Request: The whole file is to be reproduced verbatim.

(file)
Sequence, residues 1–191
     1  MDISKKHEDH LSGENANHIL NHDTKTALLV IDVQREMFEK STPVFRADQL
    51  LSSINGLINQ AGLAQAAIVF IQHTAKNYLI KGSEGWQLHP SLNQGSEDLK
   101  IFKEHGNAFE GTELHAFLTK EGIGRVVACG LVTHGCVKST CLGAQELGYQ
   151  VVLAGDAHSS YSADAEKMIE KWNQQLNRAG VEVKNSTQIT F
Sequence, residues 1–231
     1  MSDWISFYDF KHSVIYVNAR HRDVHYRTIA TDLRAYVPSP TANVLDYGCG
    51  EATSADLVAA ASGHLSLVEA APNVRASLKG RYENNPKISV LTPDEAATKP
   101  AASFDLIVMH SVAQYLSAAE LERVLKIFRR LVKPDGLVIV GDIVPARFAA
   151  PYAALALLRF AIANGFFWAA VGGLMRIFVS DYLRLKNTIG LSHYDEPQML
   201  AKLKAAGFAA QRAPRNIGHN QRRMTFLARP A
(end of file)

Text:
Sequence, residues 1–191
     1  MDISKKHEDH LSGENANHIL NHDTKTALLV IDVQREMFEK STPVFRADQL
    51  LSSINGLINQ AGLAQAAIVF IQHTAKNYLI KGSEGWQLHP SLNQGSEDLK
   101  IFKEHGNAFE GTELHAFLTK EGIGRVVACG LVTHGCVKST CLGAQELGYQ
   151  VVLAGDAHSS YSADAEKMIE KWNQQLNRAG VEVKNSTQIT F
Sequence, residues 1–231
     1  MSDWISFYDF KHSVIYVNAR HRDVHYRTIA TDLRAYVPSP TANVLDYGCG
    51  EATSADLVAA ASGHLSLVEA APNVRASLKG RYENNPKISV LTPDEAATKP
   101  AASFDLIVMH SVAQYLSAAE LERVLKIFRR LVKPDGLVIV GDIVPARFAA
   151  PYAALALLRF AIANGFFWAA VGGLMRIFVS DYLRLKNTIG LSHYDEPQML
   201  AKLKAAGFAA QRAPRNIGHN QRRMTFLARP A